Ways to Use Discussions in Online or Face-to-Face Courses

When instructors hear about using the Discussions tool in TCU Online, they may first think the tool is most useful for instructors teaching classes that are fully online. While this tool is often a cornerstone of fully online courses, there are many ways to use the Discussions tool in all types of classes.

Providing students with an online discussion prompt or activity offers students the chance to think about homework materials, grapple with challenging concepts, reflect about their learning, or make connections across course topics prior to coming to a physical classroom, or in place of meeting face-to-face.

Discussion prompts can be used to generate interest, encourage students to explore the big questions of the field, or think narrowly about a specific problem or case. Students get to clarify their own thinking as a result of having to articulate it for others and also discover what other classmates thought, helping each student see beyond their own perspective.

The Discussions tool can also be used to help generate conversations, debates, and feedback among peers. Some students enjoy using online discussions because they can compose their thoughts before they post a comment, respond more thoughtfully to discussion topics, and engage in lively debates that are less threatening than in a live classroom environment.

As an instructor, the Discussions tool allows for each student to participate in the discussion. In addition, by using the post-first setting, TCU Online will not show other students’ responses to the topic until a student has posted. This allows for a true whole-class discussion in which each and every student participates fully.

Below are some common examples of how instructors in both Face-to-Face and fully online classes use the Discussions tool in TCU Online.

computer In online courses, the Discussions tool is a valuable medium for student-student interaction. Depending on how the instructor uses the Discussions tool, the tool can also further instructor-student interaction. Both types of interaction are required by the standards SACS and SARA have for online courses. In addition, the eFaculty 2.0 workshops and certification identifies course introductions and robust student discussions as best practices for online instruction. To support student success in graded discussions, instructors should provide a discussion rubric that identifies the quantity of interactions (i.e., required levels of participation) as well the quality of responses (i.e., what constitutes a “good” reply).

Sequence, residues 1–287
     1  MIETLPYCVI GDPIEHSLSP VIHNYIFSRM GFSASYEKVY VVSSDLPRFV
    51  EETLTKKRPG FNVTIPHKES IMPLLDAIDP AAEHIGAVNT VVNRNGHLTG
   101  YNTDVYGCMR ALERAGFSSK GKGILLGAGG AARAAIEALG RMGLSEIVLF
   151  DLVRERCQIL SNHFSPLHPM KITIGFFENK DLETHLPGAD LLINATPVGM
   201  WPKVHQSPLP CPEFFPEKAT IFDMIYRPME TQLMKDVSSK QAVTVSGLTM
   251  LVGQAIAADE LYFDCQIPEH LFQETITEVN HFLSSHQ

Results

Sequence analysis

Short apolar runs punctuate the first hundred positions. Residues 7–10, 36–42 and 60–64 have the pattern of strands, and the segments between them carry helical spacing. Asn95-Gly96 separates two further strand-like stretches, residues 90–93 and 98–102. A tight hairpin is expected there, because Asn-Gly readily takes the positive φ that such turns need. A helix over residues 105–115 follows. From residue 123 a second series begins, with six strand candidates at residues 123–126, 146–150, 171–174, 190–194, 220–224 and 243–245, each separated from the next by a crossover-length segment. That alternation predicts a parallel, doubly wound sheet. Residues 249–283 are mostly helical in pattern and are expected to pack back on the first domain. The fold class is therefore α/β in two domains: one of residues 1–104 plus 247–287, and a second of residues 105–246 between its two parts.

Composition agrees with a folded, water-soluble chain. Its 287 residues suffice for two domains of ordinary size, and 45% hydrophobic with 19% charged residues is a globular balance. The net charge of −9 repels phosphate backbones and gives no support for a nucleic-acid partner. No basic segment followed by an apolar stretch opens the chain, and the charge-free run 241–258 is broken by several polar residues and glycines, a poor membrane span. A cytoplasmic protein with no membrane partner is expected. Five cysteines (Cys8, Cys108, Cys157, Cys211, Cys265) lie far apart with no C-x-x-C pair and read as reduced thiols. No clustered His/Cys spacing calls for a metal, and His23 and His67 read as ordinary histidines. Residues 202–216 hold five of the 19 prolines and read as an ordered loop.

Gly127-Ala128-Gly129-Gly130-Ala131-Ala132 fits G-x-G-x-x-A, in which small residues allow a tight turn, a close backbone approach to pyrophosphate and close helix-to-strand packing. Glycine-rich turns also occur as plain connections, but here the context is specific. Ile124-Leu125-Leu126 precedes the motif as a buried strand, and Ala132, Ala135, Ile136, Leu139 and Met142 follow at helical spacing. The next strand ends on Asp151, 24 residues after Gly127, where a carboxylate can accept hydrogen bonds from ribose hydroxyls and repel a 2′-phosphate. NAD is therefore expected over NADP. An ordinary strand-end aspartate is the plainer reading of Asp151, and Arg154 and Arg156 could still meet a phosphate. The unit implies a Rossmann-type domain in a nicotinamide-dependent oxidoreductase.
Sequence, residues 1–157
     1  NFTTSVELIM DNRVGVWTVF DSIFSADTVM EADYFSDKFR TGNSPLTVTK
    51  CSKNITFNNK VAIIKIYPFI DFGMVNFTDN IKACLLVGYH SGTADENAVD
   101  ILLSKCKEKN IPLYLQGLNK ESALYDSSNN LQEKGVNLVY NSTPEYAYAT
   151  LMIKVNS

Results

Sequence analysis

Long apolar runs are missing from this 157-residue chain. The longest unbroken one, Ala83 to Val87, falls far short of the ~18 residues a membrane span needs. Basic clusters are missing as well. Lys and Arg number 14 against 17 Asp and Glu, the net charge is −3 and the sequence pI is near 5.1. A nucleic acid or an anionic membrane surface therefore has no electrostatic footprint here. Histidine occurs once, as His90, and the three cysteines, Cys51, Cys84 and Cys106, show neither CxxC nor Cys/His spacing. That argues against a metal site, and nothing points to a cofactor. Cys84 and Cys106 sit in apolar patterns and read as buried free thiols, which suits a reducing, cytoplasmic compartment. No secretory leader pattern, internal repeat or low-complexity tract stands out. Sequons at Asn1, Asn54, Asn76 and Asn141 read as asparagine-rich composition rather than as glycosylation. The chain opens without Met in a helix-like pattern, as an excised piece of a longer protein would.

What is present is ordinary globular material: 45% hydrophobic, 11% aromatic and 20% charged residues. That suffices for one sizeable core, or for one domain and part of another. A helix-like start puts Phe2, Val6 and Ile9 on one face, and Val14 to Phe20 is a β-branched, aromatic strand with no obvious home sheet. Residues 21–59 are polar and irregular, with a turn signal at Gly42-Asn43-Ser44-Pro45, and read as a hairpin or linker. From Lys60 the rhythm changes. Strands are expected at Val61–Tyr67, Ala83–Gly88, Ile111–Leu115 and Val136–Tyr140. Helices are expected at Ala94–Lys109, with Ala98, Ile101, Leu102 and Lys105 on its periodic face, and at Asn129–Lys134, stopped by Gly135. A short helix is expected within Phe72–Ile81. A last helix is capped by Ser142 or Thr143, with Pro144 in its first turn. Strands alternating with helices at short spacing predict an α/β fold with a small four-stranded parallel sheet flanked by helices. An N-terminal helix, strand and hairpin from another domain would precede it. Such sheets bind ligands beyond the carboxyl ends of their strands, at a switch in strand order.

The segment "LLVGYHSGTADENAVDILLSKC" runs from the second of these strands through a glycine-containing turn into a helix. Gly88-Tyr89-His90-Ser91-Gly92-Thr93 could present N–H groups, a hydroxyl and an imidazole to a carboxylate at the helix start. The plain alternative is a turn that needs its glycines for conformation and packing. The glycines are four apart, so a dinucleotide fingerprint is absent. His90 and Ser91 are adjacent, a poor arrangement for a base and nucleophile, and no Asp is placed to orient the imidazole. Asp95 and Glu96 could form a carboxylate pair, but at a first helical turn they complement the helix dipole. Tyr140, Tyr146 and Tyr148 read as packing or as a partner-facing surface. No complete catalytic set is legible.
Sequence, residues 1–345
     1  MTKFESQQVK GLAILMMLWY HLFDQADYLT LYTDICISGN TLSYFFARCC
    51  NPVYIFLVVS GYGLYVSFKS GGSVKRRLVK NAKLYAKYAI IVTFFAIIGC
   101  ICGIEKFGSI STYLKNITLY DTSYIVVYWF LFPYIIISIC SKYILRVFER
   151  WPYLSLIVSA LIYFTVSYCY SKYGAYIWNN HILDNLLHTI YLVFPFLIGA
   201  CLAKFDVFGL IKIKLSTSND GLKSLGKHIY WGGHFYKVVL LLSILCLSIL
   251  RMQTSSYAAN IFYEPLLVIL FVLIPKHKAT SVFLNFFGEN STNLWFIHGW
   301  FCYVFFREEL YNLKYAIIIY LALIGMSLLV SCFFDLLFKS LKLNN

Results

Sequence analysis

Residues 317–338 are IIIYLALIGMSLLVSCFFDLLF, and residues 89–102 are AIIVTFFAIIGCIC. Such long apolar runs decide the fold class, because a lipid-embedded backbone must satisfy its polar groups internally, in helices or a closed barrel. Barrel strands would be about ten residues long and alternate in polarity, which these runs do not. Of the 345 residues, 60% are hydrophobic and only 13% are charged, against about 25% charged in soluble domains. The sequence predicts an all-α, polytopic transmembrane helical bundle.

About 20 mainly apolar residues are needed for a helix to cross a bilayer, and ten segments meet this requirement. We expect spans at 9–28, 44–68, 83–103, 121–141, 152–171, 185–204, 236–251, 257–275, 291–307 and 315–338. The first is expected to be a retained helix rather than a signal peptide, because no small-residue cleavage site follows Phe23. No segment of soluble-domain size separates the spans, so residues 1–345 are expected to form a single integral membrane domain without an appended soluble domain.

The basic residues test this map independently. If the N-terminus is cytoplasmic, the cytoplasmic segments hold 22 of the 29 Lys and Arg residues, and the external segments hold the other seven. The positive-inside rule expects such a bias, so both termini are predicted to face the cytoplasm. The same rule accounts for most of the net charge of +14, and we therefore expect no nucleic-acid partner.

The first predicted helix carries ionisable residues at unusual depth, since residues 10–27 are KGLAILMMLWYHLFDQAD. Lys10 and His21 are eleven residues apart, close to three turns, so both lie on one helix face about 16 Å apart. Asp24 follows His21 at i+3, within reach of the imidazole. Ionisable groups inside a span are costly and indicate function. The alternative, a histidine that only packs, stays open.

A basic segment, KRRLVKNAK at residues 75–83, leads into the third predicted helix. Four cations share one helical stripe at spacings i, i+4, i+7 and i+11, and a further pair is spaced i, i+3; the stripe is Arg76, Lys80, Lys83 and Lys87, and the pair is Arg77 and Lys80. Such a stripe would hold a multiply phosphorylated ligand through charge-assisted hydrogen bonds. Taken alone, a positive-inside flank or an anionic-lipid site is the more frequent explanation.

Setting clear online etiquette expectations is also a best practice. This would entail the instructor describing acceptable online etiquette, addressing particularities of the subject matter (do students need to be especially attentive to their word choice, sources, federal laws, or other items when discussing certain topics?), and listing how violations of the policy will be addressed. The online etiquette policy should be present in the course syllabus and referenced on each individual discussion topic as a reminder of the class norms.

It can also be helpful for the instructor to model respectful disagreement in a low-stakes sample discussion or to share an anonymized version of a previous online discussion in which students were able to disagree and exchange ideas respectfully. In providing a model, the instructor may want to specifically articulate the choices made by the writers that allowed the discussion proceed in a manner that was consistent with class norms.

Class Introductions

Having an introductions discussion area is a great way to learn about your students and to start building your classroom community whether you meet in person, online, or both. Instructors can start of the thread with their own example and include a brief list with questions or items students should include in their own introduction reply post and how long it should be. Make sure to include some sort of interaction component that encourages students to go back and read through their peers’ introductions and find connections or common interests to get students to start meeting one another. Some instructors ask students to also include a recent photo or to record a short video introducing themselves to peers using the Video Note tool.